M ichigan State Sen. Rick Jones, R-Grand Ledge, said he plans to introduce legislation to ban the use of state-issued electronic benefits transfer (EBT) cards at strip clubs and liquor stores in Michigan. "It is an obscene use of tax dollars meant to feed hungry children and provide the necessities of life," Jones said in an April 29, 2013, statement. "Booze and strip clubs need to be off limits to welfare money."
Jones told SellingPrepaid that Michigan's EBT card program for the Michigan WIC Bridge Card lacks oversight, with casinos reporting EBT cards being used to gamble away tens of thousands of welfare dollars, while college students without financial needs can sign up for the program and receive $200 a month loaded on the cards.
Jones cited the Middle Class Tax Relief and Job Creation Act of 2012, a new federal law that requires states to prevent EBT cards from being used at "ATMs located in casinos, gaming establishments, liquor stores, or any establishment that provides adult-orientated entertainment in which performers disrobe or perform in an unclothed state for entertainment."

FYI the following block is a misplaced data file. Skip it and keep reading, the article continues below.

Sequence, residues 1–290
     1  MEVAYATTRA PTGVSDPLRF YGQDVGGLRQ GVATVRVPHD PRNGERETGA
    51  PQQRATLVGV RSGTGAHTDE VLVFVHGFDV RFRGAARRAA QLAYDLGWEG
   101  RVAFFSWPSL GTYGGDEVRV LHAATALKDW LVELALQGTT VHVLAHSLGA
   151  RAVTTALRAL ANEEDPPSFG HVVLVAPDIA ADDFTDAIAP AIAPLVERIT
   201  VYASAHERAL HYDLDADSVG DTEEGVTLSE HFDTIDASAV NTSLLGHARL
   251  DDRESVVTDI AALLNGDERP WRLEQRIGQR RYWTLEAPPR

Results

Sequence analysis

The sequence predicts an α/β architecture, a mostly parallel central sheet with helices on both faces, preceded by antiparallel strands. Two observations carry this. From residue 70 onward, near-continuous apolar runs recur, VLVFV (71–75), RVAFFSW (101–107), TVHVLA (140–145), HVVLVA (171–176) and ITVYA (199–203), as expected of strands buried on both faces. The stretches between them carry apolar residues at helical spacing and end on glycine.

Jones said Michigan could be fined 10 percent of the yearly Temporary Assistance for Needy Families funds it receives from the federal government for noncompliance with the regulations. He noted that the Michigan Department of Human Services, which implements the state's EBT card program, is in support of Jones' plan. "It's gonna happen," he said.
In June 2012, Michigan passed into law an act sponsored by Jones that mandates Michigan's DHS to work with ATM providers to create and implement a way of blocking Bridge Card users from withdrawing cash from ATMs. Michigan's Bridge Card program is managed by Xerox Corp.-owned prepaid card program manager and processor Affiliated Computer Services Inc.
View prior breaking news